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Review: Houston Ballet’s ‘Cinderella’ is awe-inspiring, innovative

cinderella-courtesy-houston-ballet-lawrenceelizabethknox

Houston Ballet Principal Karina Gonzalez performs as Mother in Stanton Welch’s imagining of “Cinderella.”

Courtesy Houston Ballet

By Isabella Regan     3/19/24 10:41pm

Score: ★★★★½

“Cinderella” has been depicted time and time again, with each new director believing they reinvented the classic. Houston Ballet, however, recently brought this well-known story into a completely different light, providing a world with ghosts, clowns, death and a new look at love. 

With added spectacle, this depiction of “Cinderella” dove into the ideas of class, feminism and dignity under the artistic direction of Stanton Welch and the beautiful set and costume designs of Kristian Fredrickson.



The show started the same as the classic fairytale, easy to follow for even the youngest audience members. The set, a beautiful dining room with ominous double doors, allowed for the dramatic entrances of both the Wicked Step Mother and Step Sisters. 

Although the doors do command people’s attention, the first thing an audience member will notice is the painting above the mantle, a beautiful woman who can only be Cinderella’s late mother. The painting led to one of Stanton’s many acts of genius: a touching and heart wrenching dance between Cinderella and her father, the mother’s ghost dancing inside the painting but unable to reunite their broken family. The tragedy of this moment, along with the beauty of the ghost within the painting, created an ethereal and divine silence.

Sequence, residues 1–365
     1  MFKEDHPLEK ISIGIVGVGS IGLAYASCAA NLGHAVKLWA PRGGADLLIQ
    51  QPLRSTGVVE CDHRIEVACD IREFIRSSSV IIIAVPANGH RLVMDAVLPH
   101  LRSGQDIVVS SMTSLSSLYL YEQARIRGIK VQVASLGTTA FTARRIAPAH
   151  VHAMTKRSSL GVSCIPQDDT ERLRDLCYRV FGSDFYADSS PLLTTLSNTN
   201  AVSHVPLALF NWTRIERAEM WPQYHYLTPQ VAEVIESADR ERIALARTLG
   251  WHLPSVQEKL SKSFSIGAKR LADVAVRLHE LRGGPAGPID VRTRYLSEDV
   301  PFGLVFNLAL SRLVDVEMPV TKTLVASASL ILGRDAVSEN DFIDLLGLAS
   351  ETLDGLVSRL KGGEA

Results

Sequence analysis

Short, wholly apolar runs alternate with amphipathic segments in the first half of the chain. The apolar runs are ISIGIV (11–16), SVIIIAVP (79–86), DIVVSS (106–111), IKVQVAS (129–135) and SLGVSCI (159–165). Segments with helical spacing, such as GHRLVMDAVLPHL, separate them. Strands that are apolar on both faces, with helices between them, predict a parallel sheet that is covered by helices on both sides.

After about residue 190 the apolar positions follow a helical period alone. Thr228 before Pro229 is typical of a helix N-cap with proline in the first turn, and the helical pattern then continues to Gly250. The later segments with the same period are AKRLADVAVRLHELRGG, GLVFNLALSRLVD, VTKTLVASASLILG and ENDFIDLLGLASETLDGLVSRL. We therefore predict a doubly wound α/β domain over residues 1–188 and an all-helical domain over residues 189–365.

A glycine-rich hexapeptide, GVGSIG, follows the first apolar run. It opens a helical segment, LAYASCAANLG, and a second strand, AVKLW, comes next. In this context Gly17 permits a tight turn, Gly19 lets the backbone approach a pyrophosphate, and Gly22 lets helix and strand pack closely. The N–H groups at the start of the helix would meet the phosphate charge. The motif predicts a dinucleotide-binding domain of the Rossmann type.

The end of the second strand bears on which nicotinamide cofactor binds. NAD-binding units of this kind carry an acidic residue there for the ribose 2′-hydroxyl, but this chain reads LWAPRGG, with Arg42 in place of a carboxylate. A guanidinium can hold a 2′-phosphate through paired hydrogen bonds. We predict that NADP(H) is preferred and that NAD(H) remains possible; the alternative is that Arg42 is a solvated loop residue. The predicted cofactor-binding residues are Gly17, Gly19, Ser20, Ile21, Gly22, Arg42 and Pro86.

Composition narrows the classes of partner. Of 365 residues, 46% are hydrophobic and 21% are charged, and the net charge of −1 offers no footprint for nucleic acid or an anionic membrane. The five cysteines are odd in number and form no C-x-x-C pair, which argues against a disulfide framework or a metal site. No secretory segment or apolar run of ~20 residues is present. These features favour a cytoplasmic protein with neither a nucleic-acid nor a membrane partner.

The silence only lasted for a moment, though, until the orchestra’s swells and trills created a vibrant world. The quick pace of the music followed the pacing of the story which (other than the mother’s ghost) followed the fairytale’s traditional plot. The titular character was invited to the ball, found her mother’s dress and had it destroyed in a series of minutes, but it wasn’t until she pulled the dress out of the cinders, that the audience had a true surprise. From deep within the fireplace, a man emerged: Cinderella’s best friend, a chimney sweep. Although he tried to comfort her, all Cinderella wished for was her mother, which led to the show’s next diversion.

The lights went down, the orchestra swelled and suddenly Wortham Center was a graveyard. Different hues of gray and green took over the Brown theater stage, creating an otherworldly environment. Within seconds, the stage flooded with pieces of the afterlife — ghosts with fluid movements, giving the impression that they swam through the air, unbeknownst to the complexities of everyday life. Their tutus had a spider web-like pattern, parachuting as they spun, which allowed the shadows of spiderwebs to take the stage. 

In a creepy and awe-inspiring moment, the ghosts told the true story of Cinderella’s parents — when her mother died, grief led her father to become an alcoholic and lose his dignity in the process. The stunning and heart-wrenching depiction included beautifully calculated streams of light, the spotlight operator switching from red to purple hues. The accuracy of the spot is something to be commended, and even made it a character in itself. Aspects such as these made the technical design just as beautiful as the dancers themselves. 

The show continues with similar twists and turns, adding a completely new love interest, a dash of feminism and some unexpected magic. Clowns, mythological minotaurs, unicorns, Spanish bullfighters and more played into the Houston Ballet’s new story of “Cinderella,” making it worth far more than the cost of the ticket and the trek through Houston traffic.



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